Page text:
When I give to charity, I don’t feel good – I feel guilty. Charities help us believe that we have only individual, rather than collective, responsibility for operating Children’s Hospitals, Food Banks, or programmes to help the starving.
I’m not against “charity”, the biblical concept – few could be considered more charitable towards their fellow man. What I question are “charities”; the private gathering of money and material through the Herculean efforts of religious and secular groups in an attempt to offset hunger, disease, or pestilence.
That the less fortunate among us should depend on individual acts of heroism by Warren Buffet, Bill Gates , my colleague ,or me , in order to eat, drink water, or survive, should not be acceptable to us. In these days of technological advancement, when we can produce so much more, in so much less time, surely we can do better than adopting a single child from among the multitudes, many of whom will die if they aren’t chosen in the haphazard lottery of private charity.
There are peripheral reasons why “charities” are counterproductive. A donation of a can of garbanzo beans to the Vancouver Food Bank may help salve our conscience, but it also helps perpetuate an increasingly skewed economic status quo. Giving to the food bank, although altruistic, helps absolve us of our portion of culpability for the plight of the starving in our community.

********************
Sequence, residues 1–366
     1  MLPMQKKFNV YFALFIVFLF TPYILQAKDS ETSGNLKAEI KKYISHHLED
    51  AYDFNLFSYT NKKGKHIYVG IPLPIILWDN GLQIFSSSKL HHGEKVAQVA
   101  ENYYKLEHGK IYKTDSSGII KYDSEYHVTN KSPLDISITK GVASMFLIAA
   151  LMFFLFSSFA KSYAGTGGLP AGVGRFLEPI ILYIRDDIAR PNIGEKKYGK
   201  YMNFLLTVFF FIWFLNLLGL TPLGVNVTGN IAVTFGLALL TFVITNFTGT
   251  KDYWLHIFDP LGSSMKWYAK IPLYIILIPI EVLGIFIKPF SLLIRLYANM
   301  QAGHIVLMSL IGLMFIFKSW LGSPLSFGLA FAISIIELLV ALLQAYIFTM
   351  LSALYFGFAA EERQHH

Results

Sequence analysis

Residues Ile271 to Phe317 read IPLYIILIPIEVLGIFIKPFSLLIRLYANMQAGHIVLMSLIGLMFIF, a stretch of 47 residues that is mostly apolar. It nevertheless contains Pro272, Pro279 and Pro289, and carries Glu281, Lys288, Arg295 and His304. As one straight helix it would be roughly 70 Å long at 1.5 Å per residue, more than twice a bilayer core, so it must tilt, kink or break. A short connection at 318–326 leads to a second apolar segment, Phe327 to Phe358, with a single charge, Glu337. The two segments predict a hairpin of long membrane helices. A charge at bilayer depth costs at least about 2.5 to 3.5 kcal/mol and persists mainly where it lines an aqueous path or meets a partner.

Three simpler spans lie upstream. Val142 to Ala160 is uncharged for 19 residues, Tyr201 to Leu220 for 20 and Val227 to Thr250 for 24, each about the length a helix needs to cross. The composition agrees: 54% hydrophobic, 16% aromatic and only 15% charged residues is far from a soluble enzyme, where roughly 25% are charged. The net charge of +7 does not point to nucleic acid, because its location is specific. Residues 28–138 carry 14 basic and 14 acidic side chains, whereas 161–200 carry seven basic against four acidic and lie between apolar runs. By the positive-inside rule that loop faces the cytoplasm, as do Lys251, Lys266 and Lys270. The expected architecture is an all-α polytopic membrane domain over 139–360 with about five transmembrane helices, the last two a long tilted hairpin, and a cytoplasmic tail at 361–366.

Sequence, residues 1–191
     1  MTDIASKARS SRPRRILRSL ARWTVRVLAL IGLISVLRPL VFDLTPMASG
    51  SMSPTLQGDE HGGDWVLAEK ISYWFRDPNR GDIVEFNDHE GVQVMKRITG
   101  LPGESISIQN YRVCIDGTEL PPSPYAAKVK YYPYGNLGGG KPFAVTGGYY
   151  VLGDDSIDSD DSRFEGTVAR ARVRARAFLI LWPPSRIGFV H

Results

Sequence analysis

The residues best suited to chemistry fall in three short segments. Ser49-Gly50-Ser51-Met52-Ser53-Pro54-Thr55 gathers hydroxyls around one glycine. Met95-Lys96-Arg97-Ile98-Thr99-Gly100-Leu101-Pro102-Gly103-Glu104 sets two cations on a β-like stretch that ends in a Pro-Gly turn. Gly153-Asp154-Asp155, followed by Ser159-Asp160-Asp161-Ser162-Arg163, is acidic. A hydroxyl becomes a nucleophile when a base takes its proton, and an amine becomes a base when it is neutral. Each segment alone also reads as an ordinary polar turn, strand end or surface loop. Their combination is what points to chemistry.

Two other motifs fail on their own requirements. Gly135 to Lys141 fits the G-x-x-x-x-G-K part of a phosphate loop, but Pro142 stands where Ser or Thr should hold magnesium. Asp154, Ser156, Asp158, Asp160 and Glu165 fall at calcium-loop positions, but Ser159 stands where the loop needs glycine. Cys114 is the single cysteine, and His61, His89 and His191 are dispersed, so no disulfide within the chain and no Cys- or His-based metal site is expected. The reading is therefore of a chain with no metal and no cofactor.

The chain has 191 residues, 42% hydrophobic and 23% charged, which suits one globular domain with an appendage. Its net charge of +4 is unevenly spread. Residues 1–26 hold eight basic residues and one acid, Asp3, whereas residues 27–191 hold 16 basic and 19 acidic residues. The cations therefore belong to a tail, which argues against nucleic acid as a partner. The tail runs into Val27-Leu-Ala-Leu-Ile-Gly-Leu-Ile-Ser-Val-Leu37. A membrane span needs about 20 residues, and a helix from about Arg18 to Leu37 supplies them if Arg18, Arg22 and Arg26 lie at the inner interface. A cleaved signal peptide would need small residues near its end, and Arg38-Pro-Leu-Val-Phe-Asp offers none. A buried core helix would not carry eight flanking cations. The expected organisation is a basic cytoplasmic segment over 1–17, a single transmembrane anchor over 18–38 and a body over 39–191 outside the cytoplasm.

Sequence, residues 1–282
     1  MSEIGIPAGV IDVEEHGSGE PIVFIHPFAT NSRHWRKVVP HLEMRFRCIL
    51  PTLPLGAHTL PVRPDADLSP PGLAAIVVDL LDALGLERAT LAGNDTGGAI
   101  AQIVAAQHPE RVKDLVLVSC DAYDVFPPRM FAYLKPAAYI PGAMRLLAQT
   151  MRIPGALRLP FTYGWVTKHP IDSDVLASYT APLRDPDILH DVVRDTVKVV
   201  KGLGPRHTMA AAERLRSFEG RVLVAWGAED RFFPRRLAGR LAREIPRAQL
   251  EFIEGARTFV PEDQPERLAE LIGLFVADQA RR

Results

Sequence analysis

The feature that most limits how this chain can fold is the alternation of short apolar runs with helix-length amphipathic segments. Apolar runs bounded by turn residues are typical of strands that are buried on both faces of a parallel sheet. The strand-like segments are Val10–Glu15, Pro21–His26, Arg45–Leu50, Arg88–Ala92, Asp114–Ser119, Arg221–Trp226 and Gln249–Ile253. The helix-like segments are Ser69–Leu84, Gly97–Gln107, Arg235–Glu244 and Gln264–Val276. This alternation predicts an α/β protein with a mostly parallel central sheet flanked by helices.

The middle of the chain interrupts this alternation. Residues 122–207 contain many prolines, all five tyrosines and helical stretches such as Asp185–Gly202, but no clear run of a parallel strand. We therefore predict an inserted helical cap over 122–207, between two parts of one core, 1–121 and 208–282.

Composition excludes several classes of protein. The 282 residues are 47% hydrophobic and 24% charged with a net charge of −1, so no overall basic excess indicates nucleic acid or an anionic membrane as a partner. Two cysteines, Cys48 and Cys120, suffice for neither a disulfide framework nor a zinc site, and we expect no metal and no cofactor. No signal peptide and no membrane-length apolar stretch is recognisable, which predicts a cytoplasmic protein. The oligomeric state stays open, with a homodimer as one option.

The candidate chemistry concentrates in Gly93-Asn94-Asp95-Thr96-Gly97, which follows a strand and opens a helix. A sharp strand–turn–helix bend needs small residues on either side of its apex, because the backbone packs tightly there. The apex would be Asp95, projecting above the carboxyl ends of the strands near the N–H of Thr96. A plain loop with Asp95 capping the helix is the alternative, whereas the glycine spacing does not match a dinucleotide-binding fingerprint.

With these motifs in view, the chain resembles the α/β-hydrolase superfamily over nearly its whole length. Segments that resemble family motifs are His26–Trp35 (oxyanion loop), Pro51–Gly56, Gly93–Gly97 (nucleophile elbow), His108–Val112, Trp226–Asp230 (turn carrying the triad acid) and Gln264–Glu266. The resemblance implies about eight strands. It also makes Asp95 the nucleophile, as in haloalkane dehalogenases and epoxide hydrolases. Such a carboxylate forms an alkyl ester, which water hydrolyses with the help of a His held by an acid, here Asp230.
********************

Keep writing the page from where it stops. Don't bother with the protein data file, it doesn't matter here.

Most charities serve up religious or political dogma with any powdered milk that actually makes it to the target group, after the fifty percent or more “administrative costs” are skimmed off. Few of the millions of charitable dollars donated have reached the Haitian people. Self gratification seems as important as is allaying the suffering of others.
But these are just the minor indictments of charities. The real problem with charities is that they depend on individual conscience rather than on collective responsibility to help the worlds’ downtrodden.
Collective, extensive, and coordinated plans for helping the needy should be the minimum requirement of all political jurisdictions. We should demand it of the governments we entrust with organizing our world.
For us to rely on myriad private charities to panhandle individual consciences for donations is an ineffective and insensitive way to help our needy.